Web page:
Salvadoran Opposition Party Breaks Up : Latin America: Bitter split of ex-rebels echoes crisis within the political left throughout region.


The guerrillas who steadfastly held together through 12 years of civil war against powerful U.S.-backed forces, then in peace became this country’s leading opposition politicians, formally split Tuesday, leaving the once-formidable left here in disarray.

Riven by bitter differences over direction and philosophy, the Farabundo Marti National Liberation Front (FMLN) divided into at least two groups with the withdrawal of one of its principal factions.

“The FMLN was an instrument created to make war,” said Joaquin Villalobos, leader of the faction that abandoned the FMLN. “In the current conditions, the Front no longer has political viability as an electoral instrument and should pass into national history.”

The split, announced by Villalobos, follows months of acrimonious debate over the role of the FMLN as an opposition party in the post-Cold War era. It echoes a crisis experienced by the left throughout Latin America, where onetime guerrilla armies are struggling to come to terms with the demise of their Soviet Bloc sponsors and the challenge of operating under the democratic rules of civilian politics.


The fracturing of the Salvadoran left drastically weakens any political opposition to the conservative government of President Armando Calderon Sol, giving it free rein as its own extreme right wing battles for more power.

It also leaves unprotected the U.N.-brokered peace accords that ended the war two years ago and promised wide-ranging political and judicial reforms, many of which are still incomplete. With the opposition largely impotent, and the international community losing interest--the U.N. mission closes in four months--there is no one to see that the accords are implemented.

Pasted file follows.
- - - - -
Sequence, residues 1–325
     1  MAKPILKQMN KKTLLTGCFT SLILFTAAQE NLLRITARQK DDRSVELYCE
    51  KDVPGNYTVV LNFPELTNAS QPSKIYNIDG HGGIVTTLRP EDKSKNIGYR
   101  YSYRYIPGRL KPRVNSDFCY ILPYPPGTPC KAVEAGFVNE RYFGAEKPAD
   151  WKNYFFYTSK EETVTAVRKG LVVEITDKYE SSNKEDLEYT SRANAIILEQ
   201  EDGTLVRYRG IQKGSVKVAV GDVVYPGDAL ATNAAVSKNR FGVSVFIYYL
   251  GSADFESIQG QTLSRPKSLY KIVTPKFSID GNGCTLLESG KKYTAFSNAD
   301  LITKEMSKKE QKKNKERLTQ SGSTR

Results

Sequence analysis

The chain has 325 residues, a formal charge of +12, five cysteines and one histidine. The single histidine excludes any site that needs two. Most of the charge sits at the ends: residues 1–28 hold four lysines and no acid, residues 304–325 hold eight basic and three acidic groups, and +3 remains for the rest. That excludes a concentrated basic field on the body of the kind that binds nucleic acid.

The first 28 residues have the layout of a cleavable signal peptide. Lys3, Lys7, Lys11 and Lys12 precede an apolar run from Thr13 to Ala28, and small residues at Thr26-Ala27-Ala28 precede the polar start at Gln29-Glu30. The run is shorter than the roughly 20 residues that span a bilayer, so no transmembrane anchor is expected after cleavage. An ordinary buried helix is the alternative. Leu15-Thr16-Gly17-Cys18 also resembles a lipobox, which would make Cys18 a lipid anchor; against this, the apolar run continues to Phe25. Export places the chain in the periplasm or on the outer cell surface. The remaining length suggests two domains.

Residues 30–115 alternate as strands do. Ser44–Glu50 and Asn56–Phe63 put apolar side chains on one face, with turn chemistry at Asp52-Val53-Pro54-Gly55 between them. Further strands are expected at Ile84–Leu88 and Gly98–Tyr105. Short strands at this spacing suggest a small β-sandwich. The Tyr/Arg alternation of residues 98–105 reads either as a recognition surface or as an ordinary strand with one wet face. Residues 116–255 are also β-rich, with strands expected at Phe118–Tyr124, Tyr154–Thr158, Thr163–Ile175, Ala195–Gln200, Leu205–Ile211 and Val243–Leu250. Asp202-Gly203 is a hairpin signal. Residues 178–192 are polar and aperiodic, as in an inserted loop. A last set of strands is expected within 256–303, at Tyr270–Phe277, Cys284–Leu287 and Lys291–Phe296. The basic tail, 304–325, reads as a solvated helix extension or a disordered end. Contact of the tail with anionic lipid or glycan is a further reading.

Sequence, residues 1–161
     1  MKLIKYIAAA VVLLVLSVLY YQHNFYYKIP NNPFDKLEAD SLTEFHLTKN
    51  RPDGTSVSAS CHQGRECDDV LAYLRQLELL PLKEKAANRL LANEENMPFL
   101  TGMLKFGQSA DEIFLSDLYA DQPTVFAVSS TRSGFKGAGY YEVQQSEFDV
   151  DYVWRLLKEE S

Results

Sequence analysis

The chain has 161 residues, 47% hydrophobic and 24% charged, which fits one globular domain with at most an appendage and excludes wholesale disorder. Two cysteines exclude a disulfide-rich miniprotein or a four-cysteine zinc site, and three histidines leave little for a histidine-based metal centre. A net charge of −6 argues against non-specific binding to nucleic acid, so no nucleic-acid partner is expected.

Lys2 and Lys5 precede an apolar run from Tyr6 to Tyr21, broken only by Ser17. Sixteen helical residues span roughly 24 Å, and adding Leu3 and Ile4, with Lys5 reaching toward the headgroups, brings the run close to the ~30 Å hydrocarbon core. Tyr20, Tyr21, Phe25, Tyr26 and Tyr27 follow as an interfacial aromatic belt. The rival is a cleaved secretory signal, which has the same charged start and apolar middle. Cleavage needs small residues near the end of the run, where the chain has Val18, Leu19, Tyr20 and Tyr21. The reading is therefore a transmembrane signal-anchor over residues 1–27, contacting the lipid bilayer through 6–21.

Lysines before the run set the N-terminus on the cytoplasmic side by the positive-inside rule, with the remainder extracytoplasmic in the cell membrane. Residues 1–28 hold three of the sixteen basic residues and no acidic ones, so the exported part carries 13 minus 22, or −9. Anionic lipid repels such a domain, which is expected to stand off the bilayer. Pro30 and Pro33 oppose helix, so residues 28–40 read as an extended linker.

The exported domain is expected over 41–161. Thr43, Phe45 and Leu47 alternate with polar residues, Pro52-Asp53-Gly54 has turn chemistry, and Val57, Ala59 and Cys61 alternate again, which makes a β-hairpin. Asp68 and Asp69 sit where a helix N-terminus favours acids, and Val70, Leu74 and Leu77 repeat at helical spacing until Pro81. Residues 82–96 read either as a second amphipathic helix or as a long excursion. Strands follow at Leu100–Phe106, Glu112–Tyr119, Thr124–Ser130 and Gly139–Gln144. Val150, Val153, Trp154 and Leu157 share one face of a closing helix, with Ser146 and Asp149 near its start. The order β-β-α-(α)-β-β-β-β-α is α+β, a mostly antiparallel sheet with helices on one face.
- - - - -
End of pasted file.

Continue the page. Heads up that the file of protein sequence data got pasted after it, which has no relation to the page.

The FMLN was formed in the late 1970s at the behest of Cuban leader Fidel Castro, who recommended that the five leftist guerrilla factions fighting the right-wing, army-dominated Salvadoran government join forces.

Each of the factions maintained its own identity throughout the war and controlled distinct territory. But they presented a united front in military strategy, bedeviling the better-equipped, better-financed Salvadoran government forces, who had the backing of billions of American dollars.


The FMLN fought the U.S.-trained forces to a standstill by 1991, a situation that forced the two sides into U.N.-sponsored negotiations that ended the war. The FMLN agreed to disarm and become a legal political party in exchange for broad reforms.

The faction that announced its withdrawal from the FMLN on Tuesday was not the largest but was considered the strongest militarily. Its leader, Villalobos, was credited with devising the FMLN’s most successful military strategy.

But since the war’s end, Villalobos has moved most swiftly toward the center, reanointing his faction as a social democratic party and often entering into political compromises with the right. He argues that he is modernizing his party and making it a workable organization in light of the reality now.

Other FMLN factions, however, say Villalobos is a sellout and an opportunist. They argue that they are fighting for many of the original goals of the guerrilla movement, such as better conditions for the poor, that Villalobos and his associates have long abandoned.

El Salvador’s left was further forced into self-analysis after its overwhelming loss in presidential and legislative elections earlier this year.

The elections marked the first participation of the left, and, while the right scored major victories, FMLN candidates won several seats in the legislative assembly and in city halls.

With the formal rupture of the FMLN, however, it seems doubtful that the left can act as a unified bloc in the legislature.